The interest rate on the loan must equal the prevailing rate charged by lending institutions for similar loans. Usually, that rate is a couple of percentage points over the prime rate.

For loans over $3,500, the administrator must inform your spouse of the loan and receive his/her written consent within 30 days.

If you terminate employment with your company before the loan is paid in full, you must repay the balance in full or the unpaid principal will be considered a 401(k) distribution, subject to income taxes and penalties.

While borrowing from your 401(k) plan is a convenient way to obtain money, it is important to consider a couple of factors before doing so. Although the interest rates charged on 401(k) plan loans are generally attractive, keep in mind that you are foregoing investment growth on the outstanding principal. The attractive interest rates may seem very expensive if you miss a major rally in your 401(k) investments.

Make sure that you can easily repay the loan. You don’t want to be forced to reduce or eliminate new 401(k) contributions because you are struggling to repay your loan balance.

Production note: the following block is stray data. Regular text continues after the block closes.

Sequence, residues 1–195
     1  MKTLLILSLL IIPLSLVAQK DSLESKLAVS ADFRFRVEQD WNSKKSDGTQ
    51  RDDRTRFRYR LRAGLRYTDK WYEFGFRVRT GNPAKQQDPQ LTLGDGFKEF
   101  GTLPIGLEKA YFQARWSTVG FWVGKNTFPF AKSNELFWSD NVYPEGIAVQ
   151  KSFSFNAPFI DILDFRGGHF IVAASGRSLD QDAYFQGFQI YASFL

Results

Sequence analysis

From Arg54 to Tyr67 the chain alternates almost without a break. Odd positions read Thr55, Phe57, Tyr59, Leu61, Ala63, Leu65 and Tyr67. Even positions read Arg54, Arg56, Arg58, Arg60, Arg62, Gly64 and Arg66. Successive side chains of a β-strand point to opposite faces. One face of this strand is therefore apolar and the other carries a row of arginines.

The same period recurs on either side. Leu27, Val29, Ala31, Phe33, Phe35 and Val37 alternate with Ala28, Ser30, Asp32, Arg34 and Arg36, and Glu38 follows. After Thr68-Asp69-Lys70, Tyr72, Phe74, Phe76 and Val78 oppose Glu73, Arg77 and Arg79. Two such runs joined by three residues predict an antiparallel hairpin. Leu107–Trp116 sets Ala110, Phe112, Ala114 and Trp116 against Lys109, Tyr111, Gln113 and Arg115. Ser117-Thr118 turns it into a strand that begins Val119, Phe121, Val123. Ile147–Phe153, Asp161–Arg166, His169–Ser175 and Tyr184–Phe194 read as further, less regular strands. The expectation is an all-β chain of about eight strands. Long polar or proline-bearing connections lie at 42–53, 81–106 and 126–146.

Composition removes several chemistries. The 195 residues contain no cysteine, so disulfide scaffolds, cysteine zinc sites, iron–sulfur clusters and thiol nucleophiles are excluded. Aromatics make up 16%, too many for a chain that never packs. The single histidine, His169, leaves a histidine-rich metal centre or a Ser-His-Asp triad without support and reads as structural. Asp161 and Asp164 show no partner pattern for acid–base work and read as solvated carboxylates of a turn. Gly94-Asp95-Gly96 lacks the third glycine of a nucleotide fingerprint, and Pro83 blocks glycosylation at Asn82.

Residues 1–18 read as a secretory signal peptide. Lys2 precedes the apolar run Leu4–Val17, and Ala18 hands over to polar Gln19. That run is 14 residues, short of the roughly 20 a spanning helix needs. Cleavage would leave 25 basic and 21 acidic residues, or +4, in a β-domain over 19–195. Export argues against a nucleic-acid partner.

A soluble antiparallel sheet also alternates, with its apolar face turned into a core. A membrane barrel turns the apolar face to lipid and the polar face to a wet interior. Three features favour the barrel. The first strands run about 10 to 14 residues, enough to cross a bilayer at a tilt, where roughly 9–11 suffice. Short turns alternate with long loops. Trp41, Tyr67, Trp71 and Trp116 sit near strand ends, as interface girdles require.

If you have a equity in your home, consider a home-equity loan instead of a 401(k) loan. Interest rates on home-equity loans tend to be comparable to interest rates on 401(k) plan loans and the interest paid on the home-equity loan is usually deductible on your tax return if the loan balance is less than $100,000. Since interest paid on a 401(k) plan loan is not deductible on your tax return, a home-equity loan may have a lower after-tax cost than a 401(k) plan loan.

If you’d like to discuss whether you should obtain a loan from your 401(k) plan, please feel free to call at (800) 878-4036.


Before investing in tax-exempt bonds, you should compare the yield to the yield you could obtain on a taxable investment with a similar maturity and credit rating. In order to do that, you need to convert the tax-exempt rate to a "taxable equivalent." If you’re not investing in a municipal bond issued within your own state, which also exempts income from state and sometimes local taxes, the calculation is fairly straightforward: the taxable equivalent equals the tax exempt interest percentage divided by 1 minus your marginal tax bracket: Tax-exempt interest % = Taxable

(1-marginal tax bracket) equiv. %